Natasha Bedingfield once sang: “Who doesn’t long for someone to hold, who knows how to love you without being told? Somebody tell me why I’m on my own, if there’s a soulmate for everyone?”
The iPod selects this beauty at the best times, like when I’m travelling home on the train with a meal for one, on Valentine’s day, for the umpteenth year in a row and surrounded by men in suits clutching bunches of flowers. Feeling flatter than a pancake, in desperate need of shoving a whole stack of said pancakes in my mouth, I’m at serious threat of heading home for a wallowing session.
Angry at these rise of feelings, I resolve stubbornly to not give in to the self-pitying, time-wasting, ‘wallow’ – complete with evil Ben and Jerry – that many single people do, particularly on Valentine’s day. I get on with being the sociable extrovert who enjoys and values friends, freedom and spontaneity that my single life offers.
Yet why am I battling a temptation to wallow at all? Have I swallowed too many lies from our sex-obsessed culture about my image and identity? Yes. Have I been sucked into believing in chickflick/ fairytale endings at times? Yes. But what concerns me here are the messages and false hopes that I am fed by a marriage-obsessed Church.
When smug-marrieds at my little sister’s wedding asked me when my turn would come, I imagined all sorts of Bridget Jones-type sarcastic retorts about biological ticking clocks or grabbing the nearest single guy.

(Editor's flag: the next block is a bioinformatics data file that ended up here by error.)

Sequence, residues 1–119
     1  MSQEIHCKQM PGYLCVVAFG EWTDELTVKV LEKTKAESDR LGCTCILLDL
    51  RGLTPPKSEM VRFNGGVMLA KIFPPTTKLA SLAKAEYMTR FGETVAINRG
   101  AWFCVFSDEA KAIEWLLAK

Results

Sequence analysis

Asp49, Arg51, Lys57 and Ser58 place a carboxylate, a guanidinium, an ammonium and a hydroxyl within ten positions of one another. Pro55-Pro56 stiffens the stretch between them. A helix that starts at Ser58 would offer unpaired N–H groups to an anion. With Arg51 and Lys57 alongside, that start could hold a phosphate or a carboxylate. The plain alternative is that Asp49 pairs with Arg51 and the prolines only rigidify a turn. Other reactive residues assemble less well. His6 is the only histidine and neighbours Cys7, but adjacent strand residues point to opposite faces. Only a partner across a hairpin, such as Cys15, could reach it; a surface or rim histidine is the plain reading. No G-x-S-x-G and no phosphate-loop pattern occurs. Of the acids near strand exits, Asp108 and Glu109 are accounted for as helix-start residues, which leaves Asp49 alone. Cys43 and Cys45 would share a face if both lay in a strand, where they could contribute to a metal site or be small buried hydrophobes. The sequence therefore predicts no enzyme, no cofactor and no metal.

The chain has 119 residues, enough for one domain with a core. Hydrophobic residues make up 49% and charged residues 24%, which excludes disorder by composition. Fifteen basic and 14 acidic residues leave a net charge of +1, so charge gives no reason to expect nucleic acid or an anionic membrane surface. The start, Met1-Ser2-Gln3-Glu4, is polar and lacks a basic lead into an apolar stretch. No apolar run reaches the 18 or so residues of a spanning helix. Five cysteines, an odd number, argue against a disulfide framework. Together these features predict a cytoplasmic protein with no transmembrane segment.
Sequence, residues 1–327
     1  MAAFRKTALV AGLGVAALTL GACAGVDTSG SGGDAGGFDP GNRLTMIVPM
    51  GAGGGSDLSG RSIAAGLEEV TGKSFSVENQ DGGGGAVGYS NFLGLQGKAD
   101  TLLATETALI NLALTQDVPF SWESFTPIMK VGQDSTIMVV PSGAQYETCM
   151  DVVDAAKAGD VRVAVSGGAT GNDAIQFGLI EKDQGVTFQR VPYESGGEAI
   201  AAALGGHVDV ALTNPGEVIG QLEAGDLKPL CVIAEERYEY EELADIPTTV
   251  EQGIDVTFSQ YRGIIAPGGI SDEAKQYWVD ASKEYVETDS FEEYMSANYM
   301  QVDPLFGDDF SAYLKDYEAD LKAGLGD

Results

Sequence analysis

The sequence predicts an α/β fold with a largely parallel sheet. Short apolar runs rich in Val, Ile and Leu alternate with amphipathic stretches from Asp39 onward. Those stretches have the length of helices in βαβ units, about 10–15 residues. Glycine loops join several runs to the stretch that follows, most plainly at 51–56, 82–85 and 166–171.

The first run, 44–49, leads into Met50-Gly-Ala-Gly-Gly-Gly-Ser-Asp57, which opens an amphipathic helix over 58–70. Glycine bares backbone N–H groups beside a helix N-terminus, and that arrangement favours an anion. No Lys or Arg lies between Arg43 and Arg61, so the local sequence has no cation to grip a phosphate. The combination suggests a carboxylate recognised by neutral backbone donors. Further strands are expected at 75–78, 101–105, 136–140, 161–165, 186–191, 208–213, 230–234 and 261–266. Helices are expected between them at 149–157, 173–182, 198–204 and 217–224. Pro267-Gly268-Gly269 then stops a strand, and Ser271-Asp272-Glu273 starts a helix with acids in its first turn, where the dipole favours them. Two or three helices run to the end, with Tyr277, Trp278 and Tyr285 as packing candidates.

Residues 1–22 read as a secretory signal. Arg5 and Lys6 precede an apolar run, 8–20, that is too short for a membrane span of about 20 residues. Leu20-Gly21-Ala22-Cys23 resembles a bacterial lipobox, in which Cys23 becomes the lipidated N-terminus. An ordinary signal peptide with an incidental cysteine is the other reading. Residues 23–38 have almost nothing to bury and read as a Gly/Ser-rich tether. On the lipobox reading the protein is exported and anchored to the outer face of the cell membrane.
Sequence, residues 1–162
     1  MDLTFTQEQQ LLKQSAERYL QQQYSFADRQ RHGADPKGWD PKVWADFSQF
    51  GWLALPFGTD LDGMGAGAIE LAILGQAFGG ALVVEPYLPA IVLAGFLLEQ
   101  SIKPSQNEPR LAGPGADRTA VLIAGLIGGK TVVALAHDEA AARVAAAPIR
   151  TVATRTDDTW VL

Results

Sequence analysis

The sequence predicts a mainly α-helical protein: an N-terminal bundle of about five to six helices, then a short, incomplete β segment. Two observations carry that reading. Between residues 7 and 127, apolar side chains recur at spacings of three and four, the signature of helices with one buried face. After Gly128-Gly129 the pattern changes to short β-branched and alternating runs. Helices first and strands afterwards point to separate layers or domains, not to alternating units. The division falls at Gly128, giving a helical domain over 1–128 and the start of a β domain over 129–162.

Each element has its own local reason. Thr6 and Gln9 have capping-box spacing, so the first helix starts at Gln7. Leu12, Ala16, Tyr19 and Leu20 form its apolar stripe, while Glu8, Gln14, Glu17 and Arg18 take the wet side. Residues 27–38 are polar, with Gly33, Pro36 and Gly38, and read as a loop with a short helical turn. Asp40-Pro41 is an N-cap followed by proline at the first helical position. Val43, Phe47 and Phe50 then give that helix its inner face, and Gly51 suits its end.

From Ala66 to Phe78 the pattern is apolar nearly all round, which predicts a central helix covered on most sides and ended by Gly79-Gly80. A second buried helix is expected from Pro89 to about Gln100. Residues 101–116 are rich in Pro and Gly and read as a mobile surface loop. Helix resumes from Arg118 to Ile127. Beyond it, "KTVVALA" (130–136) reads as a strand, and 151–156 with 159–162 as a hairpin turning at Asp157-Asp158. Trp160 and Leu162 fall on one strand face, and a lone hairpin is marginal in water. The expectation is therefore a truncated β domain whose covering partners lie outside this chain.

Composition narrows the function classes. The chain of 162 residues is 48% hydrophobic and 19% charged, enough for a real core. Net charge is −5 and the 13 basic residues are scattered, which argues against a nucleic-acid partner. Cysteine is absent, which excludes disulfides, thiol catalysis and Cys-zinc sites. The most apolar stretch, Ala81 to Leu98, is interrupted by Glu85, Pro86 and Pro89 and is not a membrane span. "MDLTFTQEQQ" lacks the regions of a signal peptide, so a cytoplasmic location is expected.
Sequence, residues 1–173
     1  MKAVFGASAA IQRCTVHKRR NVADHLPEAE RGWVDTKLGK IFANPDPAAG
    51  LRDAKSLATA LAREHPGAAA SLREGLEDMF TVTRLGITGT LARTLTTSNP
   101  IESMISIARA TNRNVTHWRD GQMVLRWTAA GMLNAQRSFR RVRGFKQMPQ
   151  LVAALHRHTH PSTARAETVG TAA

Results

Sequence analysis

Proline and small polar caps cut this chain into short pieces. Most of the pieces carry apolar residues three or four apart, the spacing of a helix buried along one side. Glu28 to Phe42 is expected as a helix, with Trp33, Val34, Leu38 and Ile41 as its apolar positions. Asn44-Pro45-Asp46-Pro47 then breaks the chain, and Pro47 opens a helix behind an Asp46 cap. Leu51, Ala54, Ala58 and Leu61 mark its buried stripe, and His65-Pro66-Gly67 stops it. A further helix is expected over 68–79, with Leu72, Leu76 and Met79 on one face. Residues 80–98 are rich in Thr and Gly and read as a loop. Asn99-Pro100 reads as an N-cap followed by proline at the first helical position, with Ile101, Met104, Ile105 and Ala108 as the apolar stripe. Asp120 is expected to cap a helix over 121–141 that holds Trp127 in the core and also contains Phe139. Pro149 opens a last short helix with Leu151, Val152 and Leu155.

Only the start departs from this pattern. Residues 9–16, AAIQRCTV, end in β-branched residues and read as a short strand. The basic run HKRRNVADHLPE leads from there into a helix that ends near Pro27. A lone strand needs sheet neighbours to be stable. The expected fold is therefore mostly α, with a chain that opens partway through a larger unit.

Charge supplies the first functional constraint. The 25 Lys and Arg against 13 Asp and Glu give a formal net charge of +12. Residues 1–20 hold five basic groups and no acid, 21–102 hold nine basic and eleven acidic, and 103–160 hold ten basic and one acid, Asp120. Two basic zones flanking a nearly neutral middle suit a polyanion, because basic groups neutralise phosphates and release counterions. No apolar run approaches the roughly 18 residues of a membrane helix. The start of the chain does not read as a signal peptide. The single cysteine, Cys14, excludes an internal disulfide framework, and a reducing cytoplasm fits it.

In the Church, marriage is talked about and assumed from childhood. Parents try to match-make infants and big up the expectations of a proud wedding day. “You have all this to come when you get married and have children of your own,” type statements are rife. Told to hold out for “the one” or ” “wait for the right person,” while being comforted with the phrase “your Mr Right is out there somewhere”. All these comments, no matter how well intentioned, are as useful as a bikini in a blizzard when faced with the harsh reality that for many of us there may be no prince charming, wedding day or indeed wedding night coming at all.
The Church male/female ratio statistics are a bitter pill. As pointed out by the Engage coalition this week, figures show that 2.4 million women in the UK Church “face the difficult choice of choosing between being single and childless, or marrying a non-Christian”. More men are going for non-Christian women now too which only exacerbates the problem.
“It’s three women to one man you know – how are we supposed to deal with that?” “If it was switched around would the men be prepared to wait or live life as a single?” These are phrases I hear rather too many times in my single social circles. Short of suggesting ‘flirt to convert’ techniques or praying for more Godly men en masse, I do not have much to offer in reply.
Personally, I made a choice that I don’t want to date a non-Christian or indeed settle for someone who doesn’t allow me to flourish, so I could be faced with the choice of perpetual singleness or compromise. There was a moment recently that I was challenged to lay down expectations and assumptions that I had believed: “Are you prepared to follow Jesus wholeheartedly even if it means you may never get married?” was the question. Big gulp. I said: “yes”.
This decision is not something that, once chosen, means that it’s sorted – far from it. I’m faced with this choice again and again especially when batting unhelpful comments, heading to another wedding or on a date. It’s a decision to focus on the one that ultimately satisfies rather than pinning my hopes on a dream of a man (even if he turns up he will still be a mere man).
To believe the truth of who God says I am, rather than fall for the line that I’m half of a whole, is the constant challenge. To celebrate life, count my blessings and resist idolising the luscious green grass on the other side. It is well with my soul.